A morning service: death and disclosure

My next-door neighbor Mary died Tuesday night at the age of 89, and this morning I attended her service at the Catholic church where she was a longtime member. Officially, the service was called a “Liturgy of Christian Death and Burial,” and I haven’t attended one like it before. Many words of comfort were spoken, and it made me wish I were a true believer. (I’m a Unitarian Universalist, and our beliefs, such as they are, aren’t nearly so reassuring.)

I’ve watched Mary slide downhill over the past couple of years. Her daughter Wendy has been her live-in caregiver, and she’s kept me and my husband up to date on the many changes in Mary’s health – the operations and procedures, whether and how they worked, the trips to the hospital, the transfer to a nursing home, then home again. Ultimately, she died in a hospital – they’d been going to move her to a Hospice, but she was too weak to withstand the transfer.

Looking out our windows, seeing the ambulance in Mary’s driveway yet one more time, I’ve often wondered whether I would want to hang on under the same compromised circumstances, but who’s to say? I won’t know till I get there, and I hope that’s at least a couple of decades away. These are the kinds of questions I address in my mystery novel Eldercide, which revolves around a home health care agency, its staff and clients. But it feels highly inappropriate to discuss my book now, in the wake of Mary’s death. I’ll save that for another day.

Today’s experiences raised some thorny questions for me as a writer. Sitting alone during the service, I took voluminous notes, and eventually they may find their way into my fiction, but it’s still far too early. And how much to share online? I considered posting Mary’s full name and part of her obituary, but I didn’t feel I had the right, not without her family’s consent, although they probably would have been pleased. Mary lived a full and fruitful life, with five children and eight grandchildren.  Shortly before Mary died, Wendy told her how lucky she was to have had Mary as a mother, and Mary said, “No, I’m the lucky one, to have had you.”

Etan Patz wasn’t so lucky. Thirty years ago, the six-year-old boy disappeared from his SoHo loft, and the tragic case will be revisited tonight at 10:00 p.m. on ABC’s 20/20. I have a special interest in the program: we lived in the same coop loft complex as the Patz family, and our daughter was in the daycare program run by Etan’s mother Julie. I suspect I’ll be posting more about Etan tomorrow.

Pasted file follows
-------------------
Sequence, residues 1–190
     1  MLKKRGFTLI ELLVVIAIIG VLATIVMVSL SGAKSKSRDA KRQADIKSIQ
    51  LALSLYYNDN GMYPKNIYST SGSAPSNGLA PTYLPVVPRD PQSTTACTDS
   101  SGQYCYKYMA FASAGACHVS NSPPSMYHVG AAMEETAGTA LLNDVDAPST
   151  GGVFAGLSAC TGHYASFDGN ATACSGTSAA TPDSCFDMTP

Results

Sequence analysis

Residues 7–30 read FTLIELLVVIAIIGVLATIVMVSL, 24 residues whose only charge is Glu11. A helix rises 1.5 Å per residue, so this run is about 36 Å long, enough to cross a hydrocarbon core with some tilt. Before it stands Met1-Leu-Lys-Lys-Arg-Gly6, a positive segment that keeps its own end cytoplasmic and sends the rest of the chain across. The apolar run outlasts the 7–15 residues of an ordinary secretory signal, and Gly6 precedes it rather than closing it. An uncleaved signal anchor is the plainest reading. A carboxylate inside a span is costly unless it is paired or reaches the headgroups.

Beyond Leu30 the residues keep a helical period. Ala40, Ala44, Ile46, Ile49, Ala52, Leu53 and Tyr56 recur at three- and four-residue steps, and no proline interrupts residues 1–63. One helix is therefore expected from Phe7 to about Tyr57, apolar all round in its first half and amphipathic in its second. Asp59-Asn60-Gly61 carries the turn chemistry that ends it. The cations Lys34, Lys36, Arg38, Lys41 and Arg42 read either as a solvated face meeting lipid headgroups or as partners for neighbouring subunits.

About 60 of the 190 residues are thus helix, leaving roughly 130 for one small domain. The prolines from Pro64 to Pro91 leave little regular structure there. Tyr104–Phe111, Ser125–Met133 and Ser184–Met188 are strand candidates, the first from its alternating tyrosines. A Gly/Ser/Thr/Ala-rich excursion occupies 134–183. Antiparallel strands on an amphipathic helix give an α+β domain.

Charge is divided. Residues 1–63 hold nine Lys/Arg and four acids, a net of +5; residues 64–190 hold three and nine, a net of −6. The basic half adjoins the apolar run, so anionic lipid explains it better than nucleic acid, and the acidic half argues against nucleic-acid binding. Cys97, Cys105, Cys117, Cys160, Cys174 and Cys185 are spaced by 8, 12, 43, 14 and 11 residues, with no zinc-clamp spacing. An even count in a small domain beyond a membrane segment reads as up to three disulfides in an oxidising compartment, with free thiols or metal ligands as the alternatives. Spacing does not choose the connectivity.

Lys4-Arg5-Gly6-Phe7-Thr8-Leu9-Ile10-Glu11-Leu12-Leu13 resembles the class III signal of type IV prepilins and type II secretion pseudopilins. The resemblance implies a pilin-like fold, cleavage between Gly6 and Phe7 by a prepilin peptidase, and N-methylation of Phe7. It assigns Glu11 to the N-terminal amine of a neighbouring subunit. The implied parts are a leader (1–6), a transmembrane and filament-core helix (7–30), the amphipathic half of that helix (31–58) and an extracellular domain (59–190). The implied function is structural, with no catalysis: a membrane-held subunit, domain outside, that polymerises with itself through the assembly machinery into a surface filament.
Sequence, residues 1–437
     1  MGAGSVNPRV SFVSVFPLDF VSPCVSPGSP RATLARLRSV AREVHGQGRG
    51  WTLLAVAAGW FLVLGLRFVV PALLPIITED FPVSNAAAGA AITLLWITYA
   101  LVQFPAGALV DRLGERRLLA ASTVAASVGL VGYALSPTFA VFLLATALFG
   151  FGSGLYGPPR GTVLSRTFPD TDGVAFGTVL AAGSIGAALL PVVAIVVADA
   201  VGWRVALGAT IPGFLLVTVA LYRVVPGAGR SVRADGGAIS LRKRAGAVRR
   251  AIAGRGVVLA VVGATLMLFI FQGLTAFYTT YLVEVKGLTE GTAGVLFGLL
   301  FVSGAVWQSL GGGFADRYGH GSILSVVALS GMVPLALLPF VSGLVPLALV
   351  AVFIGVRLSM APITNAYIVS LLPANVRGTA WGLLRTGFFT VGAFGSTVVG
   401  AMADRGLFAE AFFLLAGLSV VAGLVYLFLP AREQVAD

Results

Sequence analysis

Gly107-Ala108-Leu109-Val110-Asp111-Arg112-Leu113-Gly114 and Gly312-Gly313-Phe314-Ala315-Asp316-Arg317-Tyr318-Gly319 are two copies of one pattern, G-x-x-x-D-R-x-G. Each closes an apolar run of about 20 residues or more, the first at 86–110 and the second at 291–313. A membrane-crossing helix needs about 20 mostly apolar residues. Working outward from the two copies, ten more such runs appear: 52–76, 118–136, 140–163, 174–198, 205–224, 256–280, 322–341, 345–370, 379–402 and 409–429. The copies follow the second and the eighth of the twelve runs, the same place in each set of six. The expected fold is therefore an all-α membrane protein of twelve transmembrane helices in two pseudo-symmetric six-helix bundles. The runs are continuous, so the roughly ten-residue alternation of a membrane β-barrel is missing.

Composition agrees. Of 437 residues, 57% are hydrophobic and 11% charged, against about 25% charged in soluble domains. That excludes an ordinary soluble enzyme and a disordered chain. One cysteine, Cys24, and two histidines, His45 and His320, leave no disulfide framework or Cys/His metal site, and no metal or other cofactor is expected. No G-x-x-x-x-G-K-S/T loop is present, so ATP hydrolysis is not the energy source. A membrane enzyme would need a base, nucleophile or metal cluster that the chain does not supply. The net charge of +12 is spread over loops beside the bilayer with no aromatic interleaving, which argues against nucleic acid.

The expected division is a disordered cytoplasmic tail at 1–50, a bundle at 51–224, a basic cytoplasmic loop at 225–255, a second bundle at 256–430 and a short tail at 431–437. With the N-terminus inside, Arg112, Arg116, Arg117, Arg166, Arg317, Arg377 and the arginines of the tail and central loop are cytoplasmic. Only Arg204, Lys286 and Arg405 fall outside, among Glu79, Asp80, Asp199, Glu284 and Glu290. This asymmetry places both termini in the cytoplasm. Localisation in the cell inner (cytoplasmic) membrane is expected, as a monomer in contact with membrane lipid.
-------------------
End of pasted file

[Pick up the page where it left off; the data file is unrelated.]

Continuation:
6 thoughts on “A morning service: death and disclosure

  1. My mom, age 90, is sharp and definitely wants to live longer, in spite of joint replacements, failing eyesight and loss of hearing. She’s willing to put up with any misery that comes along, because she finds the times so interesting she doesn’t want to miss out on whatever happens next. And she’s a Nascar fan too. Attitude is a big part of how we manage aging. I can’t remember who said it (Art Linkletter maybe?), but “Old age ain’t for sissies.”

    Incredible that you have this connection to the Etan Patz case. I’ll be back to read more.


  2. I’m so sorry for the loss of your friend. It’s an inevitable part of life, but that doesn’t make it any easier. It’s good that you can share a little of her life with us.

  3. I, too, add my condolences.

    One practical note for all to consider. Long term health care…Not everyone is lucky enough to have someone that can live in and provide these services. LTC does this. It’s not the cheapest insurance, but, if you ever need it, it will pay for itself many times over. Think of it as protecting your retirement nest egg.

    One last point. LTC is not just for the elderly. Anyone who is unable to care for themselves can use it. Please note, I don’t sell it, or have any association with anyone who does. I just have a policy, and it’s given me greater peace of mind.

    Again, Julie, my regrets.

    Best Regards, Galen.

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